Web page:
UPDATE: Thousands Attend Rally to Protest EPA's Proposed Plan

The Environmental Protection Agency

(Courtesy Photo / United Mine Workers)

UPDATE @ 7/31/14 @ 11:25 a.m.
PITTSBURGH, W.Va. (WSAZ) -- Thousands of miners and their families are in downtown Pittsburgh for a rally to protest the proposed rule by the Environmental Protection Agency (EPA) that would restrict the use of coal to generate electricity.

The Environmental Protection Agency's plan aims to cut carbon dioxide emissions by 30 percent by 2030, with 2005 levels as the starting point.

Governor Earl Tomblin has said none of the state's coal plants are close to meeting the proposed standard, although companies say they're cutting emissions. Tomblin said the coal industry can be cleaned up and continue to thrive in our region, but it has to be a collaborative effort on every front.

The EPA is holding hearings Thursday and Friday on the proposed stricter regulations.

While the proposals are up in the air, miners in our region are frustrated and worried. They're wondering what new regulations would do to their livelihood.

"It is beyond belief that the EPA would refuse to hold one of its public hearings in the coalfields where the people who will be most adversely affected by this proposed rule live and work," said UMWA International President Cecil E. Roberts. "We believe that EPA still can and should hold a hearing in the coalfields, but since they have not scheduled one yet, we decided to bring the coalfields to them."

West Virginia is the second-biggest U.S. coal producer after Wyoming.

More than 2,000 union workers and others attended the rally Wednesday In Pittsburgh, including Governor Tomblin.



UPDATE 7/30/14 @ 5:40 p.m.
PITTSBURGH (WSAZ) -- Thousands of people supporting the coal industry flooded Pittsburgh for a rally against stronger Environmental Protection Agency regulations.

This comes just a day before public hearings start there. They've already started in Denver, Washington D.C., and Atlanta, and many people have spoken passionately on the matter.

West Virginia is the nation's second-biggest coal producer, and Kentucky comes in at number three.

Coal supporters gathered Wednesday at the Highmark Stadium in Pittsburgh to share their concerns about job losses and higher electricity costs, from new regulations.

They were joined by West Virginia Gov. Earl Ray Tomblin, Ohio's Lieutenant Governor, other politicians and representatives from labor groups.

Tomblin said the coal industry can be cleaned up and continue to thrive in our region, but it has to be a collaborative effort on every front.

"We all want a clean environment, but you've got to work with us," he said.

The proposed regulations take aim at coal power plants as the EPA looks to cut emissions by 30 percent.

While the proposals are up in the air, miners in our region are frustrated and worried. They're wondering what new regulations would do to their livelihood.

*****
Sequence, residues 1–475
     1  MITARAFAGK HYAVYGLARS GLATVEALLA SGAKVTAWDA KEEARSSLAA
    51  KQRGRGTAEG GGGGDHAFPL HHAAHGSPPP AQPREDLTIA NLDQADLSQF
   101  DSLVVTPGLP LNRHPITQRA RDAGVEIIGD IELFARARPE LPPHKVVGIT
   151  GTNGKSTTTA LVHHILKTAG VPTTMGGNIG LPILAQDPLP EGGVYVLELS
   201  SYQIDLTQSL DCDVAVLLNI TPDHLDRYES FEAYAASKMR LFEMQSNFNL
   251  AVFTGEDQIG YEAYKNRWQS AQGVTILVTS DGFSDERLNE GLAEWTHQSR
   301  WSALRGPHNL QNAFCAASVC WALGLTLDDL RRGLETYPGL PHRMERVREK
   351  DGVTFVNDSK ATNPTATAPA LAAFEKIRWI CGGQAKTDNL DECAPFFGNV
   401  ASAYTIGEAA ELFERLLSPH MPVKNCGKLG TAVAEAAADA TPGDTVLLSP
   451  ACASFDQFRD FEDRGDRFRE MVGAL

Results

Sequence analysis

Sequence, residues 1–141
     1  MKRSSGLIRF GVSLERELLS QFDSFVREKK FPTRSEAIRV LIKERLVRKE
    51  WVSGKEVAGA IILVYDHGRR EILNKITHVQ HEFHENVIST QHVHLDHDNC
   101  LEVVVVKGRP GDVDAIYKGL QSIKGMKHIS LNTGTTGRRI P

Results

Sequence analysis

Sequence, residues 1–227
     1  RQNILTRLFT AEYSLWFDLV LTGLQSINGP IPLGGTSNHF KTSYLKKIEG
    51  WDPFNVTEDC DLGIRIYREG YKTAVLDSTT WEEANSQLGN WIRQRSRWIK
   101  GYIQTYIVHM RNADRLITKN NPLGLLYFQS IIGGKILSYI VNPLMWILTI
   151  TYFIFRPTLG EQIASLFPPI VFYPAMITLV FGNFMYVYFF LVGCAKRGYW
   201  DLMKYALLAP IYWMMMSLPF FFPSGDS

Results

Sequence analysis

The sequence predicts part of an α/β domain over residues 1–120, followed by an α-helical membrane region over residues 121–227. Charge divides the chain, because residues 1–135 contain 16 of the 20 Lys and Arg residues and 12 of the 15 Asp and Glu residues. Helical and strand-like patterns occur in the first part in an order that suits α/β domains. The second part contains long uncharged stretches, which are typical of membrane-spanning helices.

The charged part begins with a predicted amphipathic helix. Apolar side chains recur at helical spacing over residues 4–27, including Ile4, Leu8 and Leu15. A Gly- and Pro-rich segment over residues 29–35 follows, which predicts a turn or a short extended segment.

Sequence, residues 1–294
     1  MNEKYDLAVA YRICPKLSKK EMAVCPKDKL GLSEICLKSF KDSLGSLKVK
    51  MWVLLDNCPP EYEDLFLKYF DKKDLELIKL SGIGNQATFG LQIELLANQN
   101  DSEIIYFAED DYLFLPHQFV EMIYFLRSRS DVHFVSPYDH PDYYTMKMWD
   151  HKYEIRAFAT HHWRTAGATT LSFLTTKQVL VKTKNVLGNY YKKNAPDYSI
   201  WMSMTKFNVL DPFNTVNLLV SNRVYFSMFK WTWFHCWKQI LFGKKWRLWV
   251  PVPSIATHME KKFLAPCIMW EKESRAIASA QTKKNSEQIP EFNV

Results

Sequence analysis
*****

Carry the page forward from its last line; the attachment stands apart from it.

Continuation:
A coal miner from Boone County, West Virginia, said the government needs to listen to the people who thrive in the coalfields.

"I think we just need to let them know, keep their hands off our jobs," said Dennis Adkins.

Adkins spends a lot of time in the mines of Boone County to support his family. But he fears stronger EPA regulations on coal power plants could mean his job will disappear.

"Let's use a little bit of common sense. You know, coal's not going to be here forever, natural gas is not going to be here forever, but we need to work with all of what we have," he said.

Adkins is one of thousands who've embarked on a trip to Pittsburgh to rally against tighter rules, one day before public hearings on the matter begin.

Even state leaders joined the effort, asking for more time and flexibility.

"Show the faces of what coal miners and coal miners' families look like and what effects some of the new air quality standards they're proposing will have on these families throughout the Appalachian region,” Tomblin said.

He said the impacts will be felt hard. He estimates everything from higher electricity bills to destructive effects on small business.

"That’s what’s great is to be able to have the kind of energy we need for manufacturing, for shipbuilding, for heating and cooling our homes," he said.

Tomblin said the EPA's proposed regulations would mean many coal power plants would close and the industry in our region would suffer.

"Our big fear is carbon-based fuel and at some point, the same thing is going to try to be applied to the plants using natural gas," he said.

The governor said 90 percent of the state's energy comes from coal.

"It's going to cost us our jobs, it's going to cost America lots of jobs,” he said.

He said about 60 percent is exported to the northeast.

The governor said the only solution is to work together.

"The best case scenario would be the EPA could work with states to help develop technology where we could burn coal in a clean and efficient manner,” Tomlin said.

Miners are depending on that kind of collaborative work to keep them afloat.

"We can develop, we can clean it up a little, we've cleaned it up tremendously, and we can clean it up a lot more, but let's use common sense,” Adkins said.

More than 5,000 miners and coal supporters are expected to march in downtown Pittsburgh on Thursday.

Those who support the stronger regulations are planning a counter-rally of their own. Many of them said the tougher rules will spark new jobs in green energy.

Tomblin also said many West Virginia counties benefit from coal mining. He said every county gets a portion of the severance tax.